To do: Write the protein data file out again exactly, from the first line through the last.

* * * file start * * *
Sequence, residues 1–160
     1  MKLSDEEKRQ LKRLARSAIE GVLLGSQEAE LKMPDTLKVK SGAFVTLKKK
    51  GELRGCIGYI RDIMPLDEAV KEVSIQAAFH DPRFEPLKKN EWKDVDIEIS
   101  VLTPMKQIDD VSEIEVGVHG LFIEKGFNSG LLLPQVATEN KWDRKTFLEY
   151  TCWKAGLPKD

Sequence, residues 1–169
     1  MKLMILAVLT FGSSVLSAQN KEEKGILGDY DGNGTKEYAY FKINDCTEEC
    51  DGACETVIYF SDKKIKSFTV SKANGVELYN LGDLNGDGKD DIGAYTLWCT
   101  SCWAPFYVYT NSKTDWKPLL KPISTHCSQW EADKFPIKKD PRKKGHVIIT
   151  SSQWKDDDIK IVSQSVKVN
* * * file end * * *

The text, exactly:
Sequence, residues 1–160
     1  MKLSDEEKRQ LKRLARSAIE GVLLGSQEAE LKMPDTLKVK SGAFVTLKKK
    51  GELRGCIGYI RDIMPLDEAV KEVSIQAAFH DPRFEPLKKN EWKDVDIEIS
   101  VLTPMKQIDD VSEIEVGVHG LFIEKGFNSG LLLPQVATEN KWDRKTFLEY
   151  TCWKAGLPKD

Sequence, residues 1–169
     1  MKLMILAVLT FGSSVLSAQN KEEKGILGDY DGNGTKEYAY FKINDCTEEC
    51  DGACETVIYF SDKKIKSFTV SKANGVELYN LGDLNGDGKD DIGAYTLWCT
   101  SCWAPFYVYT NSKTDWKPLL KPISTHCSQW EADKFPIKKD PRKKGHVIIT
   151  SSQWKDDDIK IVSQSVKVN